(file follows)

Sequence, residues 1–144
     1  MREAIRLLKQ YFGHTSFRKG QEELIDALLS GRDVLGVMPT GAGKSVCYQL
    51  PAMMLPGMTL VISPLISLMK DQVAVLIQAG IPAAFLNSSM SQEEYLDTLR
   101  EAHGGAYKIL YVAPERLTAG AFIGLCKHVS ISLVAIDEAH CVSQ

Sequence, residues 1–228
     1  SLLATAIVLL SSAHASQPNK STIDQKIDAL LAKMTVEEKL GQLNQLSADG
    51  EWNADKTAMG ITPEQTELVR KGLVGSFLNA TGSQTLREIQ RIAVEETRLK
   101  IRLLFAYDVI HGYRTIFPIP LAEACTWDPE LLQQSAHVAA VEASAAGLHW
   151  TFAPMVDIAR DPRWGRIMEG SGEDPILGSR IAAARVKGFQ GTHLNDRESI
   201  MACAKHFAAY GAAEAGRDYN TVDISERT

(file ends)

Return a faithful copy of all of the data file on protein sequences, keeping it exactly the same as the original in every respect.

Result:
Sequence, residues 1–144
     1  MREAIRLLKQ YFGHTSFRKG QEELIDALLS GRDVLGVMPT GAGKSVCYQL
    51  PAMMLPGMTL VISPLISLMK DQVAVLIQAG IPAAFLNSSM SQEEYLDTLR
   101  EAHGGAYKIL YVAPERLTAG AFIGLCKHVS ISLVAIDEAH CVSQ

Sequence, residues 1–228
     1  SLLATAIVLL SSAHASQPNK STIDQKIDAL LAKMTVEEKL GQLNQLSADG
    51  EWNADKTAMG ITPEQTELVR KGLVGSFLNA TGSQTLREIQ RIAVEETRLK
   101  IRLLFAYDVI HGYRTIFPIP LAEACTWDPE LLQQSAHVAA VEASAAGLHW
   151  TFAPMVDIAR DPRWGRIMEG SGEDPILGSR IAAARVKGFQ GTHLNDRESI
   201  MACAKHFAAY GAAEAGRDYN TVDISERT